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Lemborexant promotes sleep in older adults with insomnia

Pearl Toh
05 Feb 2020

The dual orexin receptor antagonist lemborexant effectively promotes sleep by improving both the onset and maintenance of sleep compared with placebo or zolpidem in older patients with insomnia, the SUNRISE 1* trial has shown.  

“Cognitive behaviour therapy for insomnia is a first-line insomnia therapy and has been shown to improve sleep in older patients with insomnia,” the researchers pointed out. “However, pharmacologic treatment may be necessary in cases in which cognitive behaviour therapy for insomnia is not effective or not accessible to the patient.”

As sedative-hypnotic drugs may be associated with adverse effects leading to falls and risk of unintentional injury in older adults, dual orexin receptor antagonists may present as an alternative therapy to existing treatments. 

Improvements on objective measures

In the double-blind, parallel-group, phase III study, 1,006 participants aged 55 years (median age 63 years, 86.4 percent women) with insomnia disorder in a 5:5:5:4 ratio to receive lemborexant 5 mg or 10 mg, zolpidem 6.25 mg, or placebo for a month at bedtime. [JAMA Netw Open 2019;2:e1918254]

Both doses of lemborexant improved objective sleep onset from baseline to a significantly greater extent than placebo, as measured using polysomnography on the last two nights of treatment (geometric least squares means [GLSM] ratios, 0.77 and 0.72 for lemborexant 5 mg and 10 mg, respectively; p<0.001 vs placebo for both).

Improvements in objective measures (based on polysomnography) of sleep maintenance were also significantly greater with lemborexant vs placebo — as indicated by change in sleep efficiency (LSM treatment difference, 7.1 percent and 8.0 percent for lemborexant 5 mg and 10 mg, respectively; p<0.001 vs placebo for both) and wake-after-sleep-onset (WASO; LSM ratios, -24.0 min and -25.4 min, respectively; p<0.001 for both).

“The decreases in sleep-onset latency with lemborexant therapy were notable, as most participants fell asleep in less than 20 minutes,” said the researchers. “Participants receiving lemborexant therapy also gained more than 60 minutes of sleep per night than they had before treatment.”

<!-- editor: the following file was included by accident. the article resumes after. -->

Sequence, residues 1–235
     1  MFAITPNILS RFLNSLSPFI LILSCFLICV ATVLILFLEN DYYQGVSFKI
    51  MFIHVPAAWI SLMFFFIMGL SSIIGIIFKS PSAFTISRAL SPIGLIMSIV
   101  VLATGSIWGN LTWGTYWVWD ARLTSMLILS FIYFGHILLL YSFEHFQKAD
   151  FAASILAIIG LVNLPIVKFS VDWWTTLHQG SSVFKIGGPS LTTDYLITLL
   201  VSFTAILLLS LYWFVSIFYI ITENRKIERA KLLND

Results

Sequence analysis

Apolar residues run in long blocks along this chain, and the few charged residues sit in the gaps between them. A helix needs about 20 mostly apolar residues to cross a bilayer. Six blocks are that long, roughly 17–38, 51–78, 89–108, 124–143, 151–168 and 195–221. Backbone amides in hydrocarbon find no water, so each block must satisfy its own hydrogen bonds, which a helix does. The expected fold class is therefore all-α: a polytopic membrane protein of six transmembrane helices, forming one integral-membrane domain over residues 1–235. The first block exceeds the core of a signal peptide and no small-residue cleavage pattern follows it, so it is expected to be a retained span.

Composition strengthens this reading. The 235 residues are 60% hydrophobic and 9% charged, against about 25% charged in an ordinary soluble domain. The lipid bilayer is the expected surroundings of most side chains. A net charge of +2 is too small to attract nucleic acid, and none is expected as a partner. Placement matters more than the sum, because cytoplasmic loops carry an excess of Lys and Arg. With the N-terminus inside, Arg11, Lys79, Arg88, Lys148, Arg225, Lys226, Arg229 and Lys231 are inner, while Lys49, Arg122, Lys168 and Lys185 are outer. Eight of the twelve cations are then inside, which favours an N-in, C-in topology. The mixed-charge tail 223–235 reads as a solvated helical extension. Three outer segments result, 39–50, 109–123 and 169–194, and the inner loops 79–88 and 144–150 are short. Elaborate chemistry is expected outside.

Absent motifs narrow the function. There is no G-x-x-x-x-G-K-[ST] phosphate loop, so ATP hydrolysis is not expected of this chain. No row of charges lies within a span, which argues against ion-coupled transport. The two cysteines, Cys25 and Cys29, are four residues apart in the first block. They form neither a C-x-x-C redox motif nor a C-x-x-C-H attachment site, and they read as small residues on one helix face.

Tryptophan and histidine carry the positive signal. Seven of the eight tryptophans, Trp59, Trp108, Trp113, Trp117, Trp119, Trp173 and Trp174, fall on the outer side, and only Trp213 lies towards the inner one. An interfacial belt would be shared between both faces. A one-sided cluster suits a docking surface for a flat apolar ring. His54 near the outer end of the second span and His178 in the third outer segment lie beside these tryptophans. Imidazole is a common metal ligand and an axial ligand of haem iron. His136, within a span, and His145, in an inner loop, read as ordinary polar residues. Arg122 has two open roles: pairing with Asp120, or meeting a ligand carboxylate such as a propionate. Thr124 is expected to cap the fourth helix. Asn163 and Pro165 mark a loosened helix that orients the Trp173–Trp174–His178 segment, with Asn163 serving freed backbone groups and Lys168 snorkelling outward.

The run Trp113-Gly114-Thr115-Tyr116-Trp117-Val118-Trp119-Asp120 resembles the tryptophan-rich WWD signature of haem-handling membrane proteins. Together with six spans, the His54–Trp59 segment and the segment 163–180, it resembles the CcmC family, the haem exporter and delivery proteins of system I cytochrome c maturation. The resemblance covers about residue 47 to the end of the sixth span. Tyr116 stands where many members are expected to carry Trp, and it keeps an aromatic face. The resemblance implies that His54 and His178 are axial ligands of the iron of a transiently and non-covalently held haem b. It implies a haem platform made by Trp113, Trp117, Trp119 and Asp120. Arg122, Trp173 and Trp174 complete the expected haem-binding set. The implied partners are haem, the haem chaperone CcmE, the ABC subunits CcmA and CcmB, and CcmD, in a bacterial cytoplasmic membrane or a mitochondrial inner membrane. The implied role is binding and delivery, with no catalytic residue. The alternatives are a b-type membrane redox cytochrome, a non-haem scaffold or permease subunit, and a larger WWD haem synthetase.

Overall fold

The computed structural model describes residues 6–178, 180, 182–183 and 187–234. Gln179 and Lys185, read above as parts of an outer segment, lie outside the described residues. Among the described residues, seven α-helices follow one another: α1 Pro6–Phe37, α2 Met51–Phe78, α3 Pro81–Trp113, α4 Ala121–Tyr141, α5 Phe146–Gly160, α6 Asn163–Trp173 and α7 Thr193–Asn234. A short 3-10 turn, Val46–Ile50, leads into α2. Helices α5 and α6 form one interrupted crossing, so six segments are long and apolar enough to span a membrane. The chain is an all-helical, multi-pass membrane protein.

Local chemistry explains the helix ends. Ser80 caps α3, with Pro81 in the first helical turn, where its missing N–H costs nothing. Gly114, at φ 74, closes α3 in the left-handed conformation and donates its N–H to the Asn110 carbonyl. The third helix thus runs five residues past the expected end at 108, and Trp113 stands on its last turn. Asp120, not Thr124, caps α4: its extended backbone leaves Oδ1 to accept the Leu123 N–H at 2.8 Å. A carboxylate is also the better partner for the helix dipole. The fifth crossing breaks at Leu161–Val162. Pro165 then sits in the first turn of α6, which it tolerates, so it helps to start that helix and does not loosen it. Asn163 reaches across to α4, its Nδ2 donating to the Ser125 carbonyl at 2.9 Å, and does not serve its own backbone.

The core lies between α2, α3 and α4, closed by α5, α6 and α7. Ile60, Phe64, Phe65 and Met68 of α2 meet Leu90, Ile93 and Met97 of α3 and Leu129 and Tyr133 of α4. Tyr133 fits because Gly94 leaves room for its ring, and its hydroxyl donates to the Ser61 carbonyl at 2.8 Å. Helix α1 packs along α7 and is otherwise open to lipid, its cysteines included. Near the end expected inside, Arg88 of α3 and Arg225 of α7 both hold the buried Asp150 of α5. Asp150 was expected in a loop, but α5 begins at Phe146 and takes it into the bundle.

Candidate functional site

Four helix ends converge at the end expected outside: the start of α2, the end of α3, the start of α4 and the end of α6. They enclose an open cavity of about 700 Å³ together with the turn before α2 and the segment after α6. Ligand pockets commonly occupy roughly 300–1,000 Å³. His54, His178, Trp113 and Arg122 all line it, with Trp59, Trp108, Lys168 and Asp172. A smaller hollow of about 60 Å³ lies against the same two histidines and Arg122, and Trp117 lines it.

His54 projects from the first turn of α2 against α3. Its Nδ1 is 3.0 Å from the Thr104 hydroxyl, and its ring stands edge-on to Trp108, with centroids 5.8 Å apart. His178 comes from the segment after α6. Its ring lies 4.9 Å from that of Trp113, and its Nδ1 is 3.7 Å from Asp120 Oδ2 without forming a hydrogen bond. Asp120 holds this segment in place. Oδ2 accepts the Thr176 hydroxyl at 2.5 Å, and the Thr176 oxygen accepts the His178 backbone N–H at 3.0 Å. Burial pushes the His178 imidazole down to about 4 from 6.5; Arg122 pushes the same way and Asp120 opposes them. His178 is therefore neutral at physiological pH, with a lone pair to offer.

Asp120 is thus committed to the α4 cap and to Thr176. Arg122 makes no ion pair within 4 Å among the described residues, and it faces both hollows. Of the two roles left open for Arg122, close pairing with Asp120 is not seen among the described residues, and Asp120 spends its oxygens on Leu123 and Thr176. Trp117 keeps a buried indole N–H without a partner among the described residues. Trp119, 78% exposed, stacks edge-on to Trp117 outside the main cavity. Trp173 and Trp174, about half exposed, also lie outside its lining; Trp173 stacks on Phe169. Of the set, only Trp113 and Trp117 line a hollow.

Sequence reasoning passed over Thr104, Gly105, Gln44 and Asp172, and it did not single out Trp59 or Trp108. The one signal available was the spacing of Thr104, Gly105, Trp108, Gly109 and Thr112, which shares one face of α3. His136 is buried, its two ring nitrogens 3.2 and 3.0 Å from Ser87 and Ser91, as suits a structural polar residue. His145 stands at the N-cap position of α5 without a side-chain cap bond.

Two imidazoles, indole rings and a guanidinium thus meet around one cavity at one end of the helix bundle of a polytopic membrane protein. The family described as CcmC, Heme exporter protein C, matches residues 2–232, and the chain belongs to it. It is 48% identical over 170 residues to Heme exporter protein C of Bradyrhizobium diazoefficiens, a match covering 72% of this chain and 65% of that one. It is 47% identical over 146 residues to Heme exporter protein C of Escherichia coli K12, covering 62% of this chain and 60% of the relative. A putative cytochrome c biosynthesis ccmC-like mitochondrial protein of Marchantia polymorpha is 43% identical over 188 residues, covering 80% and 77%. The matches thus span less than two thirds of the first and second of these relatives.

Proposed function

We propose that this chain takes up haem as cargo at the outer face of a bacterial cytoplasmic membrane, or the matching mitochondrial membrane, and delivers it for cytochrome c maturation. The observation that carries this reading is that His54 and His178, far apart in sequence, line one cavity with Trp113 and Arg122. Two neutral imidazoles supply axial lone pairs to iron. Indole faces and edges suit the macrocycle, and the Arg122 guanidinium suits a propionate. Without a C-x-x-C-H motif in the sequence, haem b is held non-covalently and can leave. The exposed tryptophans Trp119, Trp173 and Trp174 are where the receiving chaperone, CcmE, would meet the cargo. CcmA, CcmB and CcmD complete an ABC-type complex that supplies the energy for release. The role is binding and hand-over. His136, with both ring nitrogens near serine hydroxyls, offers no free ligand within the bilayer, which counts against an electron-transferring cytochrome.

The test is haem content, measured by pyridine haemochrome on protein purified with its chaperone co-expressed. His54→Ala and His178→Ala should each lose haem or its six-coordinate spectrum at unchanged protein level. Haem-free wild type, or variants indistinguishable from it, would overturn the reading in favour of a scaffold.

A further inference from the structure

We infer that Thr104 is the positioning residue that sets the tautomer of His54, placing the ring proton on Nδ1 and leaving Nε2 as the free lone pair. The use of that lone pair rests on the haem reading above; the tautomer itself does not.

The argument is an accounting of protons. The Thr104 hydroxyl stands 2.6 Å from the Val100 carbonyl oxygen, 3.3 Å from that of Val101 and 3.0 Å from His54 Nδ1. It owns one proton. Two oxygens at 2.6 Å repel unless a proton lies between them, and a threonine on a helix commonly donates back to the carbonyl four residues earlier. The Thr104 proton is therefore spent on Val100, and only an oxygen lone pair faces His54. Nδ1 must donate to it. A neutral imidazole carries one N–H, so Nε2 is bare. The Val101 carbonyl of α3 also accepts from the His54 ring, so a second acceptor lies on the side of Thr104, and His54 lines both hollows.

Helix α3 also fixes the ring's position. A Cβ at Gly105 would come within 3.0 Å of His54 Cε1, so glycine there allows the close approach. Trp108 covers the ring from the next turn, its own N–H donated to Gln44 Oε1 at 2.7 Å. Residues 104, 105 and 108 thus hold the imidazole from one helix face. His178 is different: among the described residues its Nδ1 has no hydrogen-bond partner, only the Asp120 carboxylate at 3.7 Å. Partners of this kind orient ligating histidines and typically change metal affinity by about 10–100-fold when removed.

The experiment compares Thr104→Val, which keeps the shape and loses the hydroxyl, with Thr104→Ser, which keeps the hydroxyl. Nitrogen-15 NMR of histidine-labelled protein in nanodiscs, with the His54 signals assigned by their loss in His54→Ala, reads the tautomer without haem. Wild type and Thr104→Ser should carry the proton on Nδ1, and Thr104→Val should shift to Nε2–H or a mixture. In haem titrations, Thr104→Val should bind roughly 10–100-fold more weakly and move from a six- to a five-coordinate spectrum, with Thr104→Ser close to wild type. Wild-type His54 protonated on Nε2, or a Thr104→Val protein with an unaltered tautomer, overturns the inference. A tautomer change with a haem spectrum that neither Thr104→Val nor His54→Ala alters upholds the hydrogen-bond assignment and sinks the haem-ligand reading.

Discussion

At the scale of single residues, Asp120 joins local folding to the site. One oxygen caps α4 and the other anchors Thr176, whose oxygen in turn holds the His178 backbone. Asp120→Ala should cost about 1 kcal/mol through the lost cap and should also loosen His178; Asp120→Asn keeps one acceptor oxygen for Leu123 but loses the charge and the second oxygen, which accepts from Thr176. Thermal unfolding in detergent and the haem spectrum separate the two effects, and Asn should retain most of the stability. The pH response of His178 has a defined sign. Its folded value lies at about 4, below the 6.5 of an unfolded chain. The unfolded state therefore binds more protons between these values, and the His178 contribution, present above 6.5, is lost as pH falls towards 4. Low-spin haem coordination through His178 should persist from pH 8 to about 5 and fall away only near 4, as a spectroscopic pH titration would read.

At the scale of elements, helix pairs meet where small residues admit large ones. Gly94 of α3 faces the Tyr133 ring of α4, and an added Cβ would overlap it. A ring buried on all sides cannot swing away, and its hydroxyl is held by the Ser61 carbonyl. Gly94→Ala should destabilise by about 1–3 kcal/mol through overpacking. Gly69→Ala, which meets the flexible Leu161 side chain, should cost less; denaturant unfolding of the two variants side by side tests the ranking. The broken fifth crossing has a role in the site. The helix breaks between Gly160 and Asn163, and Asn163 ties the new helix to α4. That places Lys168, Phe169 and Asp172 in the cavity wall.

Compared with the sedative-hypnotic zolpidem, both doses of lemborexant similarly improved WASO on the second half of the last two nights of treatment to a greater extent (LSM treatment difference, -6.7 min and -8.0 min for lemborexant 5 mg and 10 mg, respectively; p=0.004 and p<0.001 for each comparison vs zolpidem).

“Both doses were effective on the first two and last two nights of treatment, indicating that lemborexant therapy works immediately and over time,” noted the researchers. “This finding is in contrast to zolpidem therapy, which improved sleep onset initially [nights 1 and 2] but became less effective over time, with no difference from placebo on LPS** after the month of treatment.”

Similar findings for subjective measures

Lemborexant improved subjective patient-reported measures of sleep onset indicated by sSOL*** on sleep diaries during the first seven nights (GLSM treatment ratios, 0.82 and 0.75 for lemborexant 5 mg and 10 mg, respectively) and at the end of one month (GLSM ratios, 0.75 and 0.69, respectively), compared with placebo (p<0.001 for all).

For sleep maintenance, significantly greater improvements were also seen with both doses of lemborexant compared with placebo during the first seven nights and at the end of one month, in terms of subjective sleep efficiency (p<0.001 for all) and subjective WASO (p<0.05 for lemborexant 5 mg and p<0.001 for lemborexant 10 mg).

In addition, lemborexant was well tolerated — fall occurred to four participants in the lemborexant 5 mg group and serious adverse events were reported in six participants, but none were considered related to be treatment-related.   

“Results of this first head-to-head phase III clinical trial are encouraging and support continued development of lemborexant therapy for the treatment of insomnia disorder,” said the researchers.

Following the results of SUNRISE 1 and 2 trials, the US FDA has recently approved the drug for treating insomnia in adults.  

 

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